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Round 2
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Stanley Cup Final

Howe says Ovechkin is a throwback

Tuesday, 10.06.2009 / 7:14 PM / NHL Insider

By Adam Kimelman - NHL.com Deputy Managing Editor

PHILADELPHIA -- One member of the sold-out Wachovia Center crowd watched Tuesday's game between the Philadelphia Flyers and Washington Capitals with a bit of extra interest in a certain player.
Gordie Howe, one of the all-time legends of the game, had a prime spot to watch one of the League's current greats, Alexander Ovechkin.
Howe said that while he hasn't seen too much of Ovechkin, he's certainly liked what he's seen.
"If he got any better he'd be scary," Howe told NHL.com.
Howe said Ovechkin won him over the first time they met, last season.
"There's 18 guys sitting down and he's the only one who jumped up to shake my hand," Howe said. "He shows respect for the older players."
On the ice, Howe said the two-time Rocket Richard Trophy winner reminds him of how things were when he played the game.
"His strength, and he moves so well," Howe said. "He doesn't mind taking a whack to get a shot. Sometimes there's guys that don't like that, they just dump it in. He can absorb a pretty good check to get a shot on net. Any guy that does that for a team is a pretty good man."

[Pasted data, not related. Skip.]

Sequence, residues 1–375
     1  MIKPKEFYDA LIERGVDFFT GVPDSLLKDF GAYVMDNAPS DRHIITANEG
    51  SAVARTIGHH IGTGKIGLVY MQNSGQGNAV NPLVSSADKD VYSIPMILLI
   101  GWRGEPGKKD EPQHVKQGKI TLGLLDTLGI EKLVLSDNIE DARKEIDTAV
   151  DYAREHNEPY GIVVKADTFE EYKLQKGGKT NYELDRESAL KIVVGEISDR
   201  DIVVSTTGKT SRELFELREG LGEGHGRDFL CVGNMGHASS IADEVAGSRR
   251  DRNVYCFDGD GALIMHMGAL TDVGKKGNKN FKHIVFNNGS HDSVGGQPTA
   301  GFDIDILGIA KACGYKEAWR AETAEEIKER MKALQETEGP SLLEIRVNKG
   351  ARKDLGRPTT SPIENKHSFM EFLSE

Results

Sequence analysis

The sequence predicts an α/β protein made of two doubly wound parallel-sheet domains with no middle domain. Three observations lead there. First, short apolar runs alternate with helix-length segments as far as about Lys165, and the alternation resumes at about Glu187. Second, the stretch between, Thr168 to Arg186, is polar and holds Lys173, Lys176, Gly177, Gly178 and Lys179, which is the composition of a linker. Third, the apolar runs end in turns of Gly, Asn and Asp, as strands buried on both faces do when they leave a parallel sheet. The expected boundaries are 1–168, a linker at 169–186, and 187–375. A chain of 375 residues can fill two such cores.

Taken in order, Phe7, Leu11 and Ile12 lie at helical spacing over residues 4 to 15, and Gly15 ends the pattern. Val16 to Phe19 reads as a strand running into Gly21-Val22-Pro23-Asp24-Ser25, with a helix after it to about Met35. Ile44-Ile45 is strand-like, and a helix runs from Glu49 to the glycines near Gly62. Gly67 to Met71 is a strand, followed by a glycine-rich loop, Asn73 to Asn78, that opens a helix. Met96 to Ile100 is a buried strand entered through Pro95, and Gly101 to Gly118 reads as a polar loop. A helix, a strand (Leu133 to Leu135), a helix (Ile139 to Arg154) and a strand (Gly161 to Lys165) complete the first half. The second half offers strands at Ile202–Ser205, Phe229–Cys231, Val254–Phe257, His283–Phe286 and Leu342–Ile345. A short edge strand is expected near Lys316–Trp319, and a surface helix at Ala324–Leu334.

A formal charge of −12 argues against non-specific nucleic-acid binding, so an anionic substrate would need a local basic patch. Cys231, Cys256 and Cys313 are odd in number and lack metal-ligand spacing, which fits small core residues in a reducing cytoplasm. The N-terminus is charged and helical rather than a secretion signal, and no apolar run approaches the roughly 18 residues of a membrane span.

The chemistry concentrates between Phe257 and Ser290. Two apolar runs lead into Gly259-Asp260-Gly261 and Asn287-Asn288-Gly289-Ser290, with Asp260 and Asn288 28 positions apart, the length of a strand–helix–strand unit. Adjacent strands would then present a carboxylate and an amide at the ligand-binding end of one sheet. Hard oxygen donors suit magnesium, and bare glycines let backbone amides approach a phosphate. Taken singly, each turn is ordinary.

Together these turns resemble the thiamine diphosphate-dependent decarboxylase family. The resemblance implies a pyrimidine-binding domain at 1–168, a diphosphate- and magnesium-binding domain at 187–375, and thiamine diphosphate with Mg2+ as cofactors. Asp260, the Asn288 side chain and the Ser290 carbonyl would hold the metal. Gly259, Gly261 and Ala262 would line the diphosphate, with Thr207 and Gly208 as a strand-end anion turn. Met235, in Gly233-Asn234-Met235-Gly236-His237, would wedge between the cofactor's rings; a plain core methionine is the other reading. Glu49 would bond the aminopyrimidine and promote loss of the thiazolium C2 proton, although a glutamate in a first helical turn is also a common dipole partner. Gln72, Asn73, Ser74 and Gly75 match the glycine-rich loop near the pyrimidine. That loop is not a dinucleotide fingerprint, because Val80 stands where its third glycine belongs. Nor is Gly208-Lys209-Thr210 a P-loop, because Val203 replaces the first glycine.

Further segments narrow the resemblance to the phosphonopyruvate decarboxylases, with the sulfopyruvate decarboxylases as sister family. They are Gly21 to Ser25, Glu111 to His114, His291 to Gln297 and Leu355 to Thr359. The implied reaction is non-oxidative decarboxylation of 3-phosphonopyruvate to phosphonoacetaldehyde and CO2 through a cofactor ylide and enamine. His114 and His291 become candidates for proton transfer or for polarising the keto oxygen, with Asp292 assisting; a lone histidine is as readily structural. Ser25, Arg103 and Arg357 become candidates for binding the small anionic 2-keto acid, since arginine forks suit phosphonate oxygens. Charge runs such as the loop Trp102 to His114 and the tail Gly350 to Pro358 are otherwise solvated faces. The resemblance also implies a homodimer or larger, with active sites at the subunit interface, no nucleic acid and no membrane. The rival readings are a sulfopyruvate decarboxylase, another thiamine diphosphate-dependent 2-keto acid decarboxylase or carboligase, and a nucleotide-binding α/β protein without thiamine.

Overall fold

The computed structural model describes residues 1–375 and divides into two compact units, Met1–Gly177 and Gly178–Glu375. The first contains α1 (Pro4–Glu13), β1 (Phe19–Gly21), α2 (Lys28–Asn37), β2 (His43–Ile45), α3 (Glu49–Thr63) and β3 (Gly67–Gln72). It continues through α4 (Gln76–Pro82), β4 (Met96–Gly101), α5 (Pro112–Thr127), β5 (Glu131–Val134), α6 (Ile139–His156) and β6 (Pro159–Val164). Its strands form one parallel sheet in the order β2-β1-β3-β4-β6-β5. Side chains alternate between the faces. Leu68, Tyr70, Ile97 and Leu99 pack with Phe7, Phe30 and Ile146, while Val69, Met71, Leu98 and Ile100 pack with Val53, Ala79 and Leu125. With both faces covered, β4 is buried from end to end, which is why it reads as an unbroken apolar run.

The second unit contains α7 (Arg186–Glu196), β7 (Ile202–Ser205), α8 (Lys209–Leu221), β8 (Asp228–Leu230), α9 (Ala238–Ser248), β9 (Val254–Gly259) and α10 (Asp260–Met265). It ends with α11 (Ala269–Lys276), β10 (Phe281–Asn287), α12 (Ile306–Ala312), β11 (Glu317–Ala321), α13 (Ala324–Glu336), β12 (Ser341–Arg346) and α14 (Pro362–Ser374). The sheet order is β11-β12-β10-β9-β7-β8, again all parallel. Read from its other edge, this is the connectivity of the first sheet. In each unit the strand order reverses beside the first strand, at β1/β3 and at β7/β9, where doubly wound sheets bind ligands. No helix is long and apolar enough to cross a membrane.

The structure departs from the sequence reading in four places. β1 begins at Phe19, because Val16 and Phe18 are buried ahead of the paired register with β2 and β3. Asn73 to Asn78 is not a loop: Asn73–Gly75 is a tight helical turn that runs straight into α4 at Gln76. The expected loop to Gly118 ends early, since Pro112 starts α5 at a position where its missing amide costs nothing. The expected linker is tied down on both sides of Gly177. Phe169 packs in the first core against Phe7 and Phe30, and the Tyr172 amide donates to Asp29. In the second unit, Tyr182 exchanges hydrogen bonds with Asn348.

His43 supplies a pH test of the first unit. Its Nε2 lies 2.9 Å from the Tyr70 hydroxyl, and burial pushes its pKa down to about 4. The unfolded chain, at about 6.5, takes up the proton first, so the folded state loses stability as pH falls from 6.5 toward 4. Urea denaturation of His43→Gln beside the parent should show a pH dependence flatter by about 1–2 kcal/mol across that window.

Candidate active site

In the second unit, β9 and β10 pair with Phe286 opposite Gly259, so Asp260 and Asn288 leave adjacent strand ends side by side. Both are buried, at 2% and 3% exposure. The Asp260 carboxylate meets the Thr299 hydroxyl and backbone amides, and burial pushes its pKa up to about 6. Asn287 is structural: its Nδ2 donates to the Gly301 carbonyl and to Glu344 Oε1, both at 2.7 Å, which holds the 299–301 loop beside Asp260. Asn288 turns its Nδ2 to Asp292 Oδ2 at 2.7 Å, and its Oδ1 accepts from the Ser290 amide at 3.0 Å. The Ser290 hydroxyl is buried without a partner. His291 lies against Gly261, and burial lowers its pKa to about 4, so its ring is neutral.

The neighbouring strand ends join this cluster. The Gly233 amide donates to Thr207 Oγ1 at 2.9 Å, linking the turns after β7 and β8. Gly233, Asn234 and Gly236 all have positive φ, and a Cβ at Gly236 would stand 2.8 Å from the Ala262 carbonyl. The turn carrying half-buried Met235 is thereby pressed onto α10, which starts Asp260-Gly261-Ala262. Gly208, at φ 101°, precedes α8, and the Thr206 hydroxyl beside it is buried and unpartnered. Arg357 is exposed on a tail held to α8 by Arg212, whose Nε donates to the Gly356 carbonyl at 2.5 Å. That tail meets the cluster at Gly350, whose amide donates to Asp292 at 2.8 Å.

While Ovechkin has his way of handling someone who wants to take him on physically, Howe said he learned his own way of handling the rough stuff.
"I had some old fellas teach me the follow-through, and the follow-through means anybody coming from the front wasn't going to hurt me," Howe said. "They'd eat the paint off the blade. Wasn't dirty, it was protection. They'd duck or veer off."
Contact Adam Kimelman at akimelman@nhl.com

I've been getting frustrated lately, and the only thing keeping me sane was the team winning and other people stepping up and scoring. Then you just kind of let it go and realize you can end the series with one shot, that frustration goes away for a brief moment, and that's what happened.

— Montreal forward Max Pacioretty after scoring the series-winner in Game 4 -- his first career playoff goal -- to eliminate the Lightning and send the Canadiens into the second round